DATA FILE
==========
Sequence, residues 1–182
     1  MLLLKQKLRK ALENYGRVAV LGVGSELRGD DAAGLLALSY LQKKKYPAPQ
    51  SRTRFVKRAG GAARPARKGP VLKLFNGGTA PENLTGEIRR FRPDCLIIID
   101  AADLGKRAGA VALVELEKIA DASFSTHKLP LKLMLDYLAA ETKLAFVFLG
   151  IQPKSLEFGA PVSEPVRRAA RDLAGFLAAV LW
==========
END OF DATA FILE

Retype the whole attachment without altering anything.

Sequence, residues 1–182
     1  MLLLKQKLRK ALENYGRVAV LGVGSELRGD DAAGLLALSY LQKKKYPAPQ
    51  SRTRFVKRAG GAARPARKGP VLKLFNGGTA PENLTGEIRR FRPDCLIIID
   101  AADLGKRAGA VALVELEKIA DASFSTHKLP LKLMLDYLAA ETKLAFVFLG
   151  IQPKSLEFGA PVSEPVRRAA RDLAGFLAAV LW